Melbourne Museum


Melbourne Museum

Melbourne Museum explores life in Victoria, from our natural environment to our culture and history. Located in Carlton Gardens, the building houses a permanent collection in eight galleries, including one just for children.

A primary school pop up museum

by Cam Hocking
Publish date
30 November 2015
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Here's a tough question; what do friendship, knitting, soccer and bugs all have in common? Apart from being incredibly popular, they are all exhibits featured in the brand new Princes Hill Primary School Museum

The museum has been curated and created by students from Grade 3&4 at Princes Hill Primary School in North Carlton. Throughout the year these budding historians, scientists and designers have been doing an in depth exploration of the role of museums in society. They have worked with staff from Museum Victoria, visited our museums to study exhibition design, and then applied what they've learnt to the creation of their own museum.

Exhibition plans Students guided Museum Victoria staff through a range of exhibits
Source: Melinda Cashen

As part of the project the students also brought their exhibits into a pop up museum at Melbourne Museum. Staff from all areas of Museum Victoria came and visited the pop up museum, along with some of the students’ parents, to hear about the project and offer feedback to the students about their designs. There was a wonderful feeling of collaboration and collegiality amongst the students and Museum Victoria staff, and a great deal of constructive feedback was offered. You can see a collection of tweets and photographs from the two days here, Tweets and Photographs. See a time-lapse of the setup, opening and pack up of the museum here, Time lapse.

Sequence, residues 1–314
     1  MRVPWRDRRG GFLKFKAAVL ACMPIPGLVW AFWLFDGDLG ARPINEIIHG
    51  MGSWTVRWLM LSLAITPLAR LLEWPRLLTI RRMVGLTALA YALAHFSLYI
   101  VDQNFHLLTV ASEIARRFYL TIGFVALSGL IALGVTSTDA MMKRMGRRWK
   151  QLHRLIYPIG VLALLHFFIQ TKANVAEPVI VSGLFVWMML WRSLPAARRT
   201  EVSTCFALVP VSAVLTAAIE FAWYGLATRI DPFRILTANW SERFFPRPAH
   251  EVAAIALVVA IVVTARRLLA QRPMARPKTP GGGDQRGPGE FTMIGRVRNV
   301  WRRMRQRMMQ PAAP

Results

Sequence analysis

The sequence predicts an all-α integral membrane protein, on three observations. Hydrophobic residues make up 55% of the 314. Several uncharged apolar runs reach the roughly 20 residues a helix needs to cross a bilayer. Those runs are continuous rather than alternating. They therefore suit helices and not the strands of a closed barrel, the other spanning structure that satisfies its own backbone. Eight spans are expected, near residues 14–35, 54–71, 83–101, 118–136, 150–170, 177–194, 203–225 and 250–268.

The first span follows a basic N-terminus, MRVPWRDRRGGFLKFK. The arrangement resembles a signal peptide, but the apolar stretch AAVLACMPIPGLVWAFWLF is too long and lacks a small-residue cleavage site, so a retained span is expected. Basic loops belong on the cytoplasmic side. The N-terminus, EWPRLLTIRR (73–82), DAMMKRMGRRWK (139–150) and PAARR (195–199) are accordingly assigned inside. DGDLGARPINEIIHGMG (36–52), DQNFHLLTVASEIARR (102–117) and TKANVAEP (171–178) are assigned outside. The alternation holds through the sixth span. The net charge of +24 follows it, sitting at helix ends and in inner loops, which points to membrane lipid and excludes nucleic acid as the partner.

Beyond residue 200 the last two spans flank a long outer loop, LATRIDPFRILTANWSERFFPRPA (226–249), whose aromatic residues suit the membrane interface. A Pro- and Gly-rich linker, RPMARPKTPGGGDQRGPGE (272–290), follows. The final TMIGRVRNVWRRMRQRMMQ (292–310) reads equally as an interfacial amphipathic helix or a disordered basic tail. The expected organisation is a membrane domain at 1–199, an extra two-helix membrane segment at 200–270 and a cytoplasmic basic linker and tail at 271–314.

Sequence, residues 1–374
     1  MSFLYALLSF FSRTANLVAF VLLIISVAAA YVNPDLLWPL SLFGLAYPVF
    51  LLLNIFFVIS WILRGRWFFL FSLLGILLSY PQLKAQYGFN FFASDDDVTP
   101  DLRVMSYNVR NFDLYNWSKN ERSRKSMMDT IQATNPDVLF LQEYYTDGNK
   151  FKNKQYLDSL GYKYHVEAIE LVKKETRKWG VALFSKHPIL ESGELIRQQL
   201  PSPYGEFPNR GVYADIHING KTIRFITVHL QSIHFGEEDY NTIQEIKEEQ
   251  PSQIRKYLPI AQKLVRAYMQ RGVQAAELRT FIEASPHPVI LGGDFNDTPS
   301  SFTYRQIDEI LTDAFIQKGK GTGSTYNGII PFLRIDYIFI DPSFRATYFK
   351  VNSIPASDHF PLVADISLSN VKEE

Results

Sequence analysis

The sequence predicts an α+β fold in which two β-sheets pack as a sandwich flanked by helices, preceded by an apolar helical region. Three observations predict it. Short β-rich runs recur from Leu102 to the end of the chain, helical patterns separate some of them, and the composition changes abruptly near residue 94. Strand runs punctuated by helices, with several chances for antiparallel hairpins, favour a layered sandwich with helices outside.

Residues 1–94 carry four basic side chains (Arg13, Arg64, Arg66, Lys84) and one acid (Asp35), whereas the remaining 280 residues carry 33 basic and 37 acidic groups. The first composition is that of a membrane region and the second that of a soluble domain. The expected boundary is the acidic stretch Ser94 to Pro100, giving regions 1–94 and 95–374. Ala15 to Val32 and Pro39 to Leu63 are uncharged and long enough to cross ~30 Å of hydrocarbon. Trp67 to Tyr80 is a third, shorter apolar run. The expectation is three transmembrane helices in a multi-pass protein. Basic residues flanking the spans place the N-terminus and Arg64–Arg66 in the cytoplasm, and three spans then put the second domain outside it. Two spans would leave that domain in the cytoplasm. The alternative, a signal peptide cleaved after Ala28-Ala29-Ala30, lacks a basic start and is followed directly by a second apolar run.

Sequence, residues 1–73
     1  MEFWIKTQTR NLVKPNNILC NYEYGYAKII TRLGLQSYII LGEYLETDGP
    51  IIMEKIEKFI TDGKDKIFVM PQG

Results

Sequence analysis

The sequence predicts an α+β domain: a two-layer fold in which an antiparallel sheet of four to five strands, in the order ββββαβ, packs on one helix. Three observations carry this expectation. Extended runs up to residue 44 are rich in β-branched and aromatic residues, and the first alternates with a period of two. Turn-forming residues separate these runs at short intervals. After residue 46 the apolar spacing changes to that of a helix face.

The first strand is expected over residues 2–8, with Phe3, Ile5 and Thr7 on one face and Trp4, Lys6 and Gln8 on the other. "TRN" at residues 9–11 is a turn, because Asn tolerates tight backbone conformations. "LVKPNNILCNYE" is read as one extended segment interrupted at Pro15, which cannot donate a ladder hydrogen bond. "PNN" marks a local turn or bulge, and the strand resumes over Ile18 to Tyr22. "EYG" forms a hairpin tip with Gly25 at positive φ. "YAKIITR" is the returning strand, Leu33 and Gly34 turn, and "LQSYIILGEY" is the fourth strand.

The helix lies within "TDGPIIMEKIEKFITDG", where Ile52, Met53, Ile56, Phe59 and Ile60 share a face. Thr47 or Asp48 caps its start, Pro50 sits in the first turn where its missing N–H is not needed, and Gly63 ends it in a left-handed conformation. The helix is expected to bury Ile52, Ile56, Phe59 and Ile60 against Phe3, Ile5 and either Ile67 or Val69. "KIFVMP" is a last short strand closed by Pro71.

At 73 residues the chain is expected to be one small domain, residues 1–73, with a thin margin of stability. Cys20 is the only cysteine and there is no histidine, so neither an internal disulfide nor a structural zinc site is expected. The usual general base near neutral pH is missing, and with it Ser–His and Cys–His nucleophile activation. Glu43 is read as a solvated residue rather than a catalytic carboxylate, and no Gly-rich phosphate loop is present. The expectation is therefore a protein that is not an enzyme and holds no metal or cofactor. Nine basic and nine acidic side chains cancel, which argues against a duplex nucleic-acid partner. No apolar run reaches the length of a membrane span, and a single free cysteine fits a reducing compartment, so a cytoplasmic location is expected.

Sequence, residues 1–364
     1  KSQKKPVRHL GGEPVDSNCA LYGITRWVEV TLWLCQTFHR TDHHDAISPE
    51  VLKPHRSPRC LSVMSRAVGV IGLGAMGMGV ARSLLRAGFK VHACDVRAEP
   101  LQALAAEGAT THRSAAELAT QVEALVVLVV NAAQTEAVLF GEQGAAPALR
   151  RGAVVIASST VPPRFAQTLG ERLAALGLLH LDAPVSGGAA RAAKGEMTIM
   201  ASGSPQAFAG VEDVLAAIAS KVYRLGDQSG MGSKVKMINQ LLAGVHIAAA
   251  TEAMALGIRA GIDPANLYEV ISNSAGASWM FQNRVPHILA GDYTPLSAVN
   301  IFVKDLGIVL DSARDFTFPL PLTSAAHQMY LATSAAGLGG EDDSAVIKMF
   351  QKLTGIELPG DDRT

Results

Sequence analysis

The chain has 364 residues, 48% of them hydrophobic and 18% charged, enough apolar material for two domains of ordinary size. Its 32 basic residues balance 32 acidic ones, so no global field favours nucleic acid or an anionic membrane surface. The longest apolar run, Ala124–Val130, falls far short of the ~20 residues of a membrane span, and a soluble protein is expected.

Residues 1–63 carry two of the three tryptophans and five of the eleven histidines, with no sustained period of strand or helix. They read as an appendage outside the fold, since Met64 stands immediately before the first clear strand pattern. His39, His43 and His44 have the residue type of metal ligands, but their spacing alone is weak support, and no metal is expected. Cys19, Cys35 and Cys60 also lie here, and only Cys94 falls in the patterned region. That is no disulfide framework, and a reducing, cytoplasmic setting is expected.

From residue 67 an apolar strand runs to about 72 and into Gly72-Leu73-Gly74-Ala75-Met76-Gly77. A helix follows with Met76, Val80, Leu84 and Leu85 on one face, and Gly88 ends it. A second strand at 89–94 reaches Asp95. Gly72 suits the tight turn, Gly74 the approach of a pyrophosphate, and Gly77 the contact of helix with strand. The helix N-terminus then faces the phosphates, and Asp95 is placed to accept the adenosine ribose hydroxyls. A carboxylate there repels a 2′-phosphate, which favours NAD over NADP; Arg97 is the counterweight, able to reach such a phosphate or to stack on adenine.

The students were rightfully proud of their work and appreciated the staff and parent visits. Mia said that "It was so good to let other people look at your museum. I felt really important to have so many museum people come and look."

Another student, Loula, reflected on the value of the day.  "It was a great for other people to see the work of students and that they can do more if they put their minds to it."

Classroom teacher Melinda Cashen said "It was such an authentic experience for the children. They have built up a great relationship with the museum over the year and they felt that the effort they have put into building their own exhibits was worthwhile and valued. It allowed the children to see the process of curating and how a museum works in a real context, and they really appreciated the feedback they received, making changes to their exhibits when they returned to school."

There was also great benefit for the staff at Museum Victoria too. Rebecca Carland, Curator of History Collections visited the pop up museum on Tuesday. “I was delighted by how engaging the pop-up Museum was. The science displays made me re-think how we write for younger audiences, some of them really nailed it. And the use of digital tech in one of the history displays was seamless and so professional. I think we met a couple of our future colleagues.”